- State Prevalence: In 2017, an estimated 14,316 persons were living with a diagnosed HIV infection in Washington, D.C.—a rate of 2,398.9. Of those, 16.6% of male cases were attributed to IDU or male-to-male sexual contact and IDU. Among females, 24.4% were living with HIV attributed to IDU.10
Hepatitis C (HCV) Incidence and Prevalence Attributed to IDU11
- U.S. Incidence: In 2017, there were an estimated 44,700 new cases of acute HCV. Among case reports that contained information about IDU, 86.6% indicated IDU prior to onset of acute, symptomatic HCV.12
- U.S. Prevalence: An estimated 2.4 million Americans are living with HCV (based on 2013-2016 annual average).12
- State Incidence: This data is unavailable for Washington, D.C.10
- State Prevalence: In Washington, D.C., there are an estimated 12,700 persons living with HCV (a rate of 2,340 based on 2013-2016 annual average)13
- Rates are age-adjusted per 100,000 standard population unless otherwise noted.
- Hedegaard H, Miniño AM, Warner M. Drug overdose deaths in the United States, 1999–2018. NCHS Data Brief, no 356. Hyattsville, MD: National Center for Health Statistics. 2020.
- Centers for Disease Control and Prevention, National Center for Health Statistics. Multiple Cause of Death 1999-2018 on CDC WONDER Online Database released in 2020. Data are from the Multiple Cause of Death Files, 1999-2018, as compiled from data provided by the 57 vital statistics jurisdictions through the Vital Statistics Cooperative Program. (2020 February 14) Retrieved from http://wonder.cdc.gov/mcd-icd10.html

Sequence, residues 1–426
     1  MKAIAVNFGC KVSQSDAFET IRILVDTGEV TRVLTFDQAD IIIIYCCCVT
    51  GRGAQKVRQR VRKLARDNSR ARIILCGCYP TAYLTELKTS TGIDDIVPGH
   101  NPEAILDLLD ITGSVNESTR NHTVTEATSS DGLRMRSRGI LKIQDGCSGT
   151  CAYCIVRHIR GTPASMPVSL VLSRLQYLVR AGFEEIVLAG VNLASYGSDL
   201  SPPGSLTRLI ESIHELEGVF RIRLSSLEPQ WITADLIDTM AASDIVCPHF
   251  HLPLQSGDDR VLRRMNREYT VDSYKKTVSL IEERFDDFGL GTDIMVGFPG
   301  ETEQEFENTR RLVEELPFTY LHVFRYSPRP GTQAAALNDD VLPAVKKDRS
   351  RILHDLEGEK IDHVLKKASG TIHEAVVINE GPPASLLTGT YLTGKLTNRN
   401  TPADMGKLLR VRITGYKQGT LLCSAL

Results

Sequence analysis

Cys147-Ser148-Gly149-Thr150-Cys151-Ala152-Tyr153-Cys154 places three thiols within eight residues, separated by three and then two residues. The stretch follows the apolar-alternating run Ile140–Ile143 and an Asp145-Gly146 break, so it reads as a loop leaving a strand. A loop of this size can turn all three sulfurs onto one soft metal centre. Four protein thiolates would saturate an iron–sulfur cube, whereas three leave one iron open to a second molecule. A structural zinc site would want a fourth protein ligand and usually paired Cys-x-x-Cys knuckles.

- Centers for Disease Control and Prevention. U.S. Opioid Prescribing Rate Maps. (2019, October 3). Retrieved from https://www.cdc.gov/drugoverdose/maps/rxrate-maps.html
- Lind JN, Ailes EC, Alter CC, et al. Leveraging Existing Birth Defects Surveillance Infrastructure to Build Neonatal Abstinence Syndrome Surveillance Systems—Illinois, New Mexico, and Vermont, 2015–2016. MMWR Morb Mortal Wkly Rep 2019;68:177–180.
- Healthcare Cost and Utilization Project (HCUP). Neonatal Abstinence Syndrome (NAS) Among Newborn Hospitalizations. (2019, December 12) Retrieved from https://www.hcup-us.ahrq.gov/faststats/nas/nasquery.jsp?
- Comparisons with earlier estimates are difficult because of the ICD-10-CM transition in 2015.
- Strahan AE, Guy Jr. GP, Bohm M, et al. Neonatal Abstinence Syndrome Incidence and Health Care Costs in the United States, 2016. JAMA Pediatrics. 2020;174(2):200-202.
- The term refers to people diagnosed with HIV infection, regardless of the stage of disease at diagnosis.
- Centers for Disease Control and Prevention. National Center for HIV/AIDS, Viral Hepatitis, STD, and TB Prevention (NCHHSTP) AtlasPlus. (2020, January 30). Retrieved from https://gis.cdc.gov/grasp/nchhstpatlas/main.html.
- Not all states collect or report data on the incidence or prevalence of Hepatitis C or on how Hepatitis C is transmitted. When available, the data will be included.
- Centers for Disease Control and Prevention. Surveillance for Viral Hepatitis—United States, 2017. 2019, November 14. Retrieved from https://www.cdc.gov/hepatitis/statistics/2017surveillance/index.htm
- HepVu. Local Data: Washington, D.C.. Retrieved from https://hepvu.org/state/washington-d-c/